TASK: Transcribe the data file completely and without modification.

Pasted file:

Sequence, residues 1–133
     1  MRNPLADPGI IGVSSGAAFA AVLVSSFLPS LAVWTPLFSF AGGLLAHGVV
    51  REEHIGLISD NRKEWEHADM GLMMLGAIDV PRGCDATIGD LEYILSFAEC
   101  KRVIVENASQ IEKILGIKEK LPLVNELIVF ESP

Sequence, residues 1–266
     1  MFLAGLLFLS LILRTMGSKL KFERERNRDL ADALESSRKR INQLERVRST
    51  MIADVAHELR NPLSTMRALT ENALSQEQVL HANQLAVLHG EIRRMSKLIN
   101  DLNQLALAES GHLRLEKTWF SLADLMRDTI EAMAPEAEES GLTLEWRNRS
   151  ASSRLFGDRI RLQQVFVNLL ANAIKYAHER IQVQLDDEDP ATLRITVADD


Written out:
Sequence, residues 1–133
     1  MRNPLADPGI IGVSSGAAFA AVLVSSFLPS LAVWTPLFSF AGGLLAHGVV
    51  REEHIGLISD NRKEWEHADM GLMMLGAIDV PRGCDATIGD LEYILSFAEC
   101  KRVIVENASQ IEKILGIKEK LPLVNELIVF ESP

Sequence, residues 1–266
     1  MFLAGLLFLS LILRTMGSKL KFERERNRDL ADALESSRKR INQLERVRST
    51  MIADVAHELR NPLSTMRALT ENALSQEQVL HANQLAVLHG EIRRMSKLIN
   101  DLNQLALAES GHLRLEKTWF SLADLMRDTI EAMAPEAEES GLTLEWRNRS
   151  ASSRLFGDRI RLQQVFVNLL ANAIKYAHER IQVQLDDEDP ATLRITVADD